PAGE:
Tuberculosis elimination is a people’s agenda, Health News, ET HealthWorld

Get communities involved: eliminating tuberculosis is people's agenda

by means of dr. Rehana Begum

According to the World Health Organization (WHO), 10 million people suffer from tuberculosis (TB) every year. Although it is both preventable and curable, 1.5 million people die each year, making TB the world’s largest deadly infectious disease. India carries the largest burden of tuberculosis worldwide – about 2.4 million people. Furthermore, nearly 40 percent of Indians have a latent TB infection.

Given the number of TB cases in the country, there is an urgent need to bring the issue forward and put TB patients first, surrounded by a supportive ecosystem of family and community. Because TB patients have socio-economic consequences, such as stigmatization and job loss, they tend to hide their illness, hindering both treatment and full recovery.

The current approach to TB prevention, care and support in India is largely biomedical, and these elements are often circumvented. While the National TB Elimination Program (NTEP) offers targeted benefits and nutritional schemes such as the Nikshay Poshan Yojana that greatly facilitate TB patient treatment, structural barriers to stigma, discrimination, poor knowledge, lack of psychosocial support and lack of patient Centered approaches in facilities make the journey of TB treatment arduous and difficult for most.

While there is sufficient emphasis on adherence solutions, much remains to be done to prevent TB infection and transmission. Prevention approaches are rooted in community involvement and addressing structural barriers also requires ecosystem-level initiatives working closely with all those who make up the environment of communities vulnerable to TB and also the community of TB infected and affected individuals.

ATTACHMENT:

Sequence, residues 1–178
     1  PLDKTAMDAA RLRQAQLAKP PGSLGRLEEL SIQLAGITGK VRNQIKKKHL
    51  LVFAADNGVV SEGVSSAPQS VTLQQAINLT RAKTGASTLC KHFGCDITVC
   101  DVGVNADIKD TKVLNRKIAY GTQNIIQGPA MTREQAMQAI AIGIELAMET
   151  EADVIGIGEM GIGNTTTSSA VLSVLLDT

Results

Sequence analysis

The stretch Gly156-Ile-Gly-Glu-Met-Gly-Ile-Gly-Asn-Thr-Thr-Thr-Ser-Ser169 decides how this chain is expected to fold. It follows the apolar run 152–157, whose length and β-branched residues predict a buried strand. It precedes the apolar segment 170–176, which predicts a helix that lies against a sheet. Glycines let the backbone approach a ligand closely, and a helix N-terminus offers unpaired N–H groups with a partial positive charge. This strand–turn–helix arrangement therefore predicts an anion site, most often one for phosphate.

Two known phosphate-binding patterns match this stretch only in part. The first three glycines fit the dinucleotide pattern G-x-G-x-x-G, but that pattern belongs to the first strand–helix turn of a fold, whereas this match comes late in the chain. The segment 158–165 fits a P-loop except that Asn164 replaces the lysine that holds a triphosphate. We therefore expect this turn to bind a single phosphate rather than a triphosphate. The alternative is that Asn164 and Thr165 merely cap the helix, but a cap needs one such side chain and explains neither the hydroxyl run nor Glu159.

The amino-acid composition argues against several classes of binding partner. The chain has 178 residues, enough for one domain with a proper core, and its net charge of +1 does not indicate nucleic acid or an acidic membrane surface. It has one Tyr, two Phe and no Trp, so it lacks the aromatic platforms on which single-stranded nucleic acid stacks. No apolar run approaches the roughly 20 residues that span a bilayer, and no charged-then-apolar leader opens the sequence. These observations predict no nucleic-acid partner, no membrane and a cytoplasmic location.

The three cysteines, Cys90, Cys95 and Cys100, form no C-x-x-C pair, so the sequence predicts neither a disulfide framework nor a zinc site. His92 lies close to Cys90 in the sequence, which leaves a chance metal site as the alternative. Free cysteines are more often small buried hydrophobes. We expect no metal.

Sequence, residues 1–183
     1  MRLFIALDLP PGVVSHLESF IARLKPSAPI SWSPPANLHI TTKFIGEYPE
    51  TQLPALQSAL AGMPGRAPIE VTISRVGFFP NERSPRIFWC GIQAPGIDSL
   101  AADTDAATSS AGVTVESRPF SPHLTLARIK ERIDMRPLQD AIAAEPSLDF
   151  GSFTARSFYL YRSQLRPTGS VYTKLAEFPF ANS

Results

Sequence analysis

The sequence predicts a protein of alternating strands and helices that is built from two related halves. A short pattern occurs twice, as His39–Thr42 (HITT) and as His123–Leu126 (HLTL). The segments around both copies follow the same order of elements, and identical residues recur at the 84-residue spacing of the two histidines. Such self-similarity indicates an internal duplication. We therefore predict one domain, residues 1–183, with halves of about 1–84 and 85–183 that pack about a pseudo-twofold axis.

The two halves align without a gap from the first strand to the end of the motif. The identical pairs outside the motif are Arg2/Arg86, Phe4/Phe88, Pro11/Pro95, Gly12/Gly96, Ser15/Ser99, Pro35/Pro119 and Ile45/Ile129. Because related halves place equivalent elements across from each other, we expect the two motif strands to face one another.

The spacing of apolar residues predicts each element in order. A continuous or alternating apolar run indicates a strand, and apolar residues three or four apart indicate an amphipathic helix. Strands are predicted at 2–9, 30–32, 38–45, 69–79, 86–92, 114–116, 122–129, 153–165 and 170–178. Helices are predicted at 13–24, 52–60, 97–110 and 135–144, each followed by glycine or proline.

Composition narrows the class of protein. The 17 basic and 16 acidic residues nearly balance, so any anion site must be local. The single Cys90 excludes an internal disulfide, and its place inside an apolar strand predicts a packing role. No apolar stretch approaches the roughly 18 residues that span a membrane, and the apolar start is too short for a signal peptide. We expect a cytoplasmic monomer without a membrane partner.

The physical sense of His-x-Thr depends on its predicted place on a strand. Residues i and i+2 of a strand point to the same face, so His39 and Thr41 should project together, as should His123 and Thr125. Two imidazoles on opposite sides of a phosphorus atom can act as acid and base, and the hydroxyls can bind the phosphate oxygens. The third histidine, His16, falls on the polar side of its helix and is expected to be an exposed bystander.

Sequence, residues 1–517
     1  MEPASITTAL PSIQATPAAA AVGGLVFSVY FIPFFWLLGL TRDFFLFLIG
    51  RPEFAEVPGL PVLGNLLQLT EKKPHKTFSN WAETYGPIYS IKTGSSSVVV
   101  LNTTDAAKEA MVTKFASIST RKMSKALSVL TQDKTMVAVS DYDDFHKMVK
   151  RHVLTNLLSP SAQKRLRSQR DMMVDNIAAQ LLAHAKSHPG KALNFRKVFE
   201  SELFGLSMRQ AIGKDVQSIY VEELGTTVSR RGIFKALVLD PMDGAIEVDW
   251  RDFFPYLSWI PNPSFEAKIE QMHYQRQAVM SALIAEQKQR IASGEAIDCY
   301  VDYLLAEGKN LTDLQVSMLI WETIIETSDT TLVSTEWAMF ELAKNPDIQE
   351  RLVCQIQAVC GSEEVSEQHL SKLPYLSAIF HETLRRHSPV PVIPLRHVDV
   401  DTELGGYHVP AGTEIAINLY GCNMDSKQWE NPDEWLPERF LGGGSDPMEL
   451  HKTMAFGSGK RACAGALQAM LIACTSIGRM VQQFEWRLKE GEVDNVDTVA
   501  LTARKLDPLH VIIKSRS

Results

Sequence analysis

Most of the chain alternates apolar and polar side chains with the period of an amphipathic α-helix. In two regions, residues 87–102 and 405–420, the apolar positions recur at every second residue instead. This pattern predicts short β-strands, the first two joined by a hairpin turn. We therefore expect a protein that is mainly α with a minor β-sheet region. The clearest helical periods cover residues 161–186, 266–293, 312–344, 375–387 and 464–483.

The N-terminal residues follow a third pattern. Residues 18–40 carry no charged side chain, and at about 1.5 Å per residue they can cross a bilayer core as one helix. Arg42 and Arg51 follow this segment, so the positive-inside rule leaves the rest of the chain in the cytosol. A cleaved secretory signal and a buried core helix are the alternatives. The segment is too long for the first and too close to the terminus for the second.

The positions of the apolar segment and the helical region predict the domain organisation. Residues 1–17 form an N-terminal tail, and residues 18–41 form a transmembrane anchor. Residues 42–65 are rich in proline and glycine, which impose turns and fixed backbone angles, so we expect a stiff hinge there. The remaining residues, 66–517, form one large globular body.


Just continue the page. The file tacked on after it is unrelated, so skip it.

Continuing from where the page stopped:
This is where KHPT’s TB-focused project, “Breaking the Barriers,” comes into play. It takes a socio-environmental approach that recognizes the structural and underlying barriers that exist within specific vulnerable populations. This ongoing project (2020-2024) seeks to fill the critical gap by innovating, testing and demonstrating a series of pilots designed to address specific barriers to health in contexts unique to different vulnerable populations such as miners, migrants, urban poor, tribals, tea garden workers etc.

Historically, public health programs around the world have taught us an important lesson: meeting goals, reducing health inequalities, reducing the prevalence of disease, and addressing gaps in prevention, diagnosis, care and adherence remain unattainable as communities outside the response mechanisms. . There are multiple ways that TB elimination can benefit if viewed as a community agenda rather than just the responsibility of a health program.

This can be accomplished quite easily as many formal and informal community networks and influencers exist that represent these vulnerable populations. They have the potential to be the voice of the communities they work with and lead the way in ground-level TB initiatives.

Then the whole village has to be involved. In diseases such as HIV and TB, people’s perception of the disease needs to be changed. KHPT was able to do this quite well with HIV and all stakeholders came together. The same can be seen in the polio campaign. Several groups were involved – from health departments across the country to Rotary Clubs and ASHA employees. It is necessary to work with frontline workers in all departments – this is the critical necessity for the elimination of TB.

Furthermore, we should look at involving Panchayati Raj institutions. We all know the power that the sarpanch exercises over the local community. The pradhan has the power to spread accurate messages, combat misconceptions and stigma and ensure that TB care services are available right down to the last mile. The Gram pradhans can use the Village Health Sanitation and Nutrition Committees to raise TB related issues in monthly meetings. The gram pradhans after being trained in TB and sufficiently empowered to signal challenges related to TB services where appropriate.

We also saw people come together to fight the COVID-19 pandemic. If we want to accelerate progress towards the elimination of TB in the country, we need to implement a society-wide approach to eliminate the disease, always taking the community-based approach first.

dr. Rehana Begum is project director of Breaking the Barriers, KHPT’s TB elimination program.

(DISCLAIMER: The opinions expressed are solely the author’s and ETHealthworld does not necessarily endorse them. is not responsible for any harm caused directly or indirectly to any person/organization.)

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